A quick glimpse around Second Wind Coffee and it is clear that the newness of the espresso machines are in sharp contrast to the decor of the rest of the shop, which is almost entirely made up of old materials creatively and expertly repurposed by Beebie himself. The counters are assembled from the siding of an old tractor-trailer trimmed with barn siding; glove forms have been made into door handles; church pews serve as benches for tables made from floorboards. Even the toilet paper holder is made from an old wrench.
“I love everything in here, because everything in here is things that were cast aside that people would take to a junk yard or they’d throw it out. I like to find a secret life in things of what it wants to be instead of what it is. Things that are trash, there’s still life in them,” Beebie said. “Everything in here is given a second wind, like myself, because I got a second chance at life, a second wind.”
The renovation of the building took Beebie nearly an entire year to complete as he methodically transformed the space to fit his vision.
“It was like a big white box in here before,” Beebie said while describing the renovation process of the building, including the restoration of the original flooring. “There were [about] 10 layers on the floors I had to tear out, and when I got down to the bottom layer above the floor there was a layer of tar paper that I had to get on my hands and knees and scrape up, and then sanded the floor and then just polyurethaned them.”
Beebie credits the artistic nature of his family background for equiping him with the skills and the vision necessary to make Second Wind Coffee a reality.
“I grew up in a family of all artists. I just had a creative knack and vision for things that I like and just kind of went for it. There’s a ton of significance and meaning and inspiration behind a lot of the stuff in here,” Beebie said.
Shawn Beebie’s grandfather, Conroy Beebie, a former principal of Boulevard Elementary School in Gloversville, is one of the more personal sources of inspiration for Shawn. Conroy’s American flag from his time at Boulevard hangs in the display window of Second Wind Coffee surrounded by vintage license plates and other local artifacts, and his bicycle also rests inside the shop. On the center wall behind the counter, the front end of a 1963 Chevy C-10 pickup truck mounted just below the central menu board — an item also associated with Conroy Beebie and one that holds a special significance for Shawn.
“That’s the center piece and my favorite piece in here,” Beebie said. “When I was a kid, my grandfather always said that he wanted to get an old cool pick-up truck to go get coffee in. But unfortunately he never got the pickup truck. But the truck that’s on the wall is a 1963 Chevy C-10 pickup and the top of it is the menu board and the license plate on there is my grandfather’s. So it’s like he got his truck and it’s in my coffee shop.”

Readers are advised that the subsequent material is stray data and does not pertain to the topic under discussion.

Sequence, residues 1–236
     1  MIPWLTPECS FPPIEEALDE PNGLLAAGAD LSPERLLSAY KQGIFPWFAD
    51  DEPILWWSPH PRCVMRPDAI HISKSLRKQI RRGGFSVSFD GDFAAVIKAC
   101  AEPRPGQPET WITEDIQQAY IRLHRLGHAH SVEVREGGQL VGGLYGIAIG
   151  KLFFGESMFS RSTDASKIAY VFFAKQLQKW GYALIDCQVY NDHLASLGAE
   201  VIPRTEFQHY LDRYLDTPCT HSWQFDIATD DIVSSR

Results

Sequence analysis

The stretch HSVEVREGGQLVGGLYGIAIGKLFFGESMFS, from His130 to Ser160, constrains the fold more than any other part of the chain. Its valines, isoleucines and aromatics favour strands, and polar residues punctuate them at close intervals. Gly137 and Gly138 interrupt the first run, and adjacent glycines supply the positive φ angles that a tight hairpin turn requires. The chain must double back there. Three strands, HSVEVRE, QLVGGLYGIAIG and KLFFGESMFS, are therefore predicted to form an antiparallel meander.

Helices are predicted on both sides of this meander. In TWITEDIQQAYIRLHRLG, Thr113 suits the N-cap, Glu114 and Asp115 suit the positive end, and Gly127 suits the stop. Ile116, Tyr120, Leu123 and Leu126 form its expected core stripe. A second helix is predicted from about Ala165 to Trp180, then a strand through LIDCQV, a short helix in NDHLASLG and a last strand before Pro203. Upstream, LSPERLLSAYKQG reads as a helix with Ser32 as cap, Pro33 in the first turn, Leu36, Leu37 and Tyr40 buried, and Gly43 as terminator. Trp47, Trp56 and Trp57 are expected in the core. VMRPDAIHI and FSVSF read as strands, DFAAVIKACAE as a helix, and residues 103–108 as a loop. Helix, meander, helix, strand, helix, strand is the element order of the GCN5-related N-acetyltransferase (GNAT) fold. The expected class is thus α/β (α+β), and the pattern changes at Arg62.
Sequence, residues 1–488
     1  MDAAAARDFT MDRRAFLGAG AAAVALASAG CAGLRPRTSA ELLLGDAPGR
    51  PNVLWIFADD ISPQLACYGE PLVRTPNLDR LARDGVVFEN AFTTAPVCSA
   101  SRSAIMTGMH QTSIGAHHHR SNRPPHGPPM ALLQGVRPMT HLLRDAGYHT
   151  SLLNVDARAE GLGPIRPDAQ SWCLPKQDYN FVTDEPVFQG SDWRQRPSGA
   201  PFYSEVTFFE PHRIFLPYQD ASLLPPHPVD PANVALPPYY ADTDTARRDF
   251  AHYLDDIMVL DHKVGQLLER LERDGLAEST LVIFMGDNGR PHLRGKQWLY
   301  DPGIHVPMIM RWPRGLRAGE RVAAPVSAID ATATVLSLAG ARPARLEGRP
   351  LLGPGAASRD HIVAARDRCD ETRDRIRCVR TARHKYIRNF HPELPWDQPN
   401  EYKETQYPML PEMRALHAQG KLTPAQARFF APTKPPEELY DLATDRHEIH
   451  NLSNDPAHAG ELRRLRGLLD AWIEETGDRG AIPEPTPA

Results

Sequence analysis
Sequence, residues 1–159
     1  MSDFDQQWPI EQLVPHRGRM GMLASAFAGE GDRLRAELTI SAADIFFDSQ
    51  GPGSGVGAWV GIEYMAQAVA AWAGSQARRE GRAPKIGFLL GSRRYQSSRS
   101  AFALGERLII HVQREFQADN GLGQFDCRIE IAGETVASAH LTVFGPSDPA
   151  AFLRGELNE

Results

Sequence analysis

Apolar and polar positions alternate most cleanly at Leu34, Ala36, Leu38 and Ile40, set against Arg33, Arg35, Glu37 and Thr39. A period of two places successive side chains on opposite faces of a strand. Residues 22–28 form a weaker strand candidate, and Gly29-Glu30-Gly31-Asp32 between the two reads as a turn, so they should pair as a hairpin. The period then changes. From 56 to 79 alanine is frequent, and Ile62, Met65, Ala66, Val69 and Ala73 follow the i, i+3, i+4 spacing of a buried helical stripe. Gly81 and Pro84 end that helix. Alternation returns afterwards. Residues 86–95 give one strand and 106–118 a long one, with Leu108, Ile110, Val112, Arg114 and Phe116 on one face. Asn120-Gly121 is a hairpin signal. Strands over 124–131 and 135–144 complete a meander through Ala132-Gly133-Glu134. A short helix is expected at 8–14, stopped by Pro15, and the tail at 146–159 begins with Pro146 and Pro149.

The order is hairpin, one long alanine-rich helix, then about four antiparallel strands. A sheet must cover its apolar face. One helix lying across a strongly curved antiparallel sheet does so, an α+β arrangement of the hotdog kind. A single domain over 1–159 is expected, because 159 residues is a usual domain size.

Beebie said since the opening of Second Wind Coffee in February, the community response has been exceptional.
“It’s been unbelievable. I’m truly blessed and amazed by all the outpouring of support. The people have been just crying out for a good cup of coffee and that’s my mission, to provide the area with good coffee and good comfort food,” Beebie said. “It’s definitely a lot of work, seven days a week, but it’s a lot of fun and I wouldn’t trade it for anything else. I love people-gathering and entertaining people. For me the social aspect of the job is incredible, getting to meet such a wide variety of people on a daily basis is something I’m really grateful for, and at its core lies a simple goal and that’s hospitality. That’s what I crave. I love it.”
Second Wind Coffee is currently planning a week-long grand opening celebration to prospectively take place in late August or September and will feature a variety of specialty drinks and foods, musical entertainment, and a grand opening party for the community.
“We’re just trying to put the feelers out there for what the community wants. But we’re on a good path and we’re in the right direction and everybody loves what we’re doing,” Beebie said.
Second Wind Coffee is currently in the process of introducing lunch items, including sandwiches, salads, soups and specialty items like avocado toast, smoothie bowls and acai bowls, the ingredients of which will be sourced to the greatest extent possible from local farms like Rogers Orchard and Bolster Farm. Beebie is also working on expanding Second Wind’s catering capabilities through the introduction of a mobile coffee bar for private parties and weddings, and is considering the introduction of an actual food truck.
“I have a huge passion for [what I am doing] and I have several concepts already lined up, waiting to develop into fruition. I have some other tricks up my sleeve,” Beebie said.
Second Wind Coffee is currently open Monday through Friday from 7:30 a.m. until 3:30 p.m. and Saturday and Sunday from 8:30 a.m. until 3:30 p.m., however Beebie is planning on expanding the hours by fall.
For more information on Second Wind Coffee and to see the latest updates, specials and merchandise, visit www.facebook.com/secondwindcoffee or visit them on Instagram @secondwindcoffee.